Cite this asSimonova J, Cuchrac L, Firment J, Takacova V, Vasko L, et al. (2017) Invasive yeast infection in patient with Acute pancreatitis. Imaging J Clin Medical Sci 4(1): 006-010. DOI: 10.17352/2455-8702.000034
The incidence of invasive yeast infections is rising in patients hospitalised in intensive care. Their early diagnosis is problematic, although predictive models (Pitt’s colonization index, Leon score and others) can be helpful when deciding to initiate treatment. The incidence of candidiasis significantly increases the mortality of patients, although the timely commencement of antimycotic therapy is a key factor in increasing their survival. In the present patient, antibiotic treatment with carbapenem was initiated after CT verification of necrosis with formation of abscesses and the onset of inflammatory parameters. After surgical review, septic shock developed with multi-organ failure. Microbiological examinations of biological materials also revealed non-C. albicans yeast was present in haemocultures, so echinocandin and anidulafungin were included in the treatment. C. parapsilosis persisted in haemocultures, while negative haemoculture was obtained 14 days after the inclusion of liposomal amphotericin B.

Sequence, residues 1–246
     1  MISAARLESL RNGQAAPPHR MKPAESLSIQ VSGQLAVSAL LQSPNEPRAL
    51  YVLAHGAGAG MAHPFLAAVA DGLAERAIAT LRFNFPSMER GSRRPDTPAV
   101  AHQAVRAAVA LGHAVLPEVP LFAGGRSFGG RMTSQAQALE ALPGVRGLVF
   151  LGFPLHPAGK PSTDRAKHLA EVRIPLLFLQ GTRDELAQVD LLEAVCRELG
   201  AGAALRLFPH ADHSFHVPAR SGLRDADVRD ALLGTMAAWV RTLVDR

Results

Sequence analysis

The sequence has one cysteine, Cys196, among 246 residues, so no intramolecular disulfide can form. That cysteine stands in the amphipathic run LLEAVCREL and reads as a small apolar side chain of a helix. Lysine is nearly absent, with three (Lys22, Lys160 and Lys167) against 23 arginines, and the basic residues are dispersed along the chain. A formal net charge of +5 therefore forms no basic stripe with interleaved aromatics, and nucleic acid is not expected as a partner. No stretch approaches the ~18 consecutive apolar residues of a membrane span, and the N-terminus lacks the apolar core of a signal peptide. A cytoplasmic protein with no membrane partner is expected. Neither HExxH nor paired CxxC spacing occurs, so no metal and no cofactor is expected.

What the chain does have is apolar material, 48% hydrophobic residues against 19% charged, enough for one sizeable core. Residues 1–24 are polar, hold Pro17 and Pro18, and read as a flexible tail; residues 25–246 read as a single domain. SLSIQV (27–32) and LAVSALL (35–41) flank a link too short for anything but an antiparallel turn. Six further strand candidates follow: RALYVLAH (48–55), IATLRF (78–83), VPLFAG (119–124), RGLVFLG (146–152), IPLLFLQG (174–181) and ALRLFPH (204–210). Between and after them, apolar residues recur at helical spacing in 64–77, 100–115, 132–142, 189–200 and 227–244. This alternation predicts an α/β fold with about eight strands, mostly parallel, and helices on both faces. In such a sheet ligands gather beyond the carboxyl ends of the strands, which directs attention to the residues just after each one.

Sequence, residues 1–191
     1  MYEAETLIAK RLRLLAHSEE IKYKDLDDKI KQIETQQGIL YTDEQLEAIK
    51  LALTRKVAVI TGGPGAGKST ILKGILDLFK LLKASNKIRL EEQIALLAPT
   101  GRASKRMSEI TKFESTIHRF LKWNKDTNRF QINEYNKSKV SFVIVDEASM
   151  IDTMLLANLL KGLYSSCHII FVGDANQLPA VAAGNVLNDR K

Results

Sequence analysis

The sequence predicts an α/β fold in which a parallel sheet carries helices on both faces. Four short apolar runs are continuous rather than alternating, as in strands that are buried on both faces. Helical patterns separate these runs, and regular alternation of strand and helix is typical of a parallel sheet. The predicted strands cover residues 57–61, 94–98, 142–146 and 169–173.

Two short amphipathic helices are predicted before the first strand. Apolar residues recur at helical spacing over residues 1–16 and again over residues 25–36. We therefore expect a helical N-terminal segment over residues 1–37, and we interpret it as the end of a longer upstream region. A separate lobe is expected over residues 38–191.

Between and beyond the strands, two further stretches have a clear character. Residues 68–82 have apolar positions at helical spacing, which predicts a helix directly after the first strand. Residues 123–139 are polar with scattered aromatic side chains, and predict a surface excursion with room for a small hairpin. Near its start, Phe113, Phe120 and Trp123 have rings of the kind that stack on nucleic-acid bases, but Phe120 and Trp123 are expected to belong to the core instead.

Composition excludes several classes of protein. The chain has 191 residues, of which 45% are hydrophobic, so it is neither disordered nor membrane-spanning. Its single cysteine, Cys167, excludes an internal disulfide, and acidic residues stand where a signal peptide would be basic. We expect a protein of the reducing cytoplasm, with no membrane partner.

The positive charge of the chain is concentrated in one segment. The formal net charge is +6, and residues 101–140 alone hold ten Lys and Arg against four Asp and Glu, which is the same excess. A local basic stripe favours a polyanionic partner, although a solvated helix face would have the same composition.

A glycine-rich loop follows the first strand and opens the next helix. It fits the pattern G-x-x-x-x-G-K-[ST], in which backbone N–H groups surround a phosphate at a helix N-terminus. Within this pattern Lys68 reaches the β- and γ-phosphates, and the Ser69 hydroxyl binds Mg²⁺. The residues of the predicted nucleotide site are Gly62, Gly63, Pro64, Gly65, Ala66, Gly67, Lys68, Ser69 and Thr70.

ECIL: The European Conference on Infections in Leukaemia; ERCP: Endoscopic Retrograde Cholangiopancreatogram; ICU: Intensive Care Unit; MPR: Multiplanar Reconstruction; IDSA: The Infectious Diseases Society of America; MIC: Minimal Inhibitory Concentration; CVC: Central Venous Catheter
Invasive yeast infections are serious systemic infections associated with high mortality. In large faculty hospitals, candidiasis is the fourth most common infection in the blood stream. The incidence of invasive yeast infections in hematology departments is decreasing, and candidiasis is currently a problem of intensive medicine where its incidence is either remaining stable or even rising. Data from Slovakia confirm an increase in the incidence of candidiasis, with the current incidence at 2.16/100,000 habitants per year. Compared to the last published national epidemiological study, the ratio of C. albicans and non- C. albicans (non-C) candidiasis has also changed in favour of non-C. albicans strains of yeast. The greatest increase was recorded for C. parapsilosis and C. glabrata .
Acute necrotising pancreatitis is a life-threatening illness and proper timing of antimicrobial treatment is one of the key therapeutic approaches used to treat it. Antimycotic treatment is often part of this treatment, as these patients are at high risk of developing an invasive yeast infection. According to ECIL-6 recommendations, echinocandins and liposomal amphotericin B are the first-line drugs in the initial and first-line treatment of candidiasis in both neutropenic and non-neutropenic patients.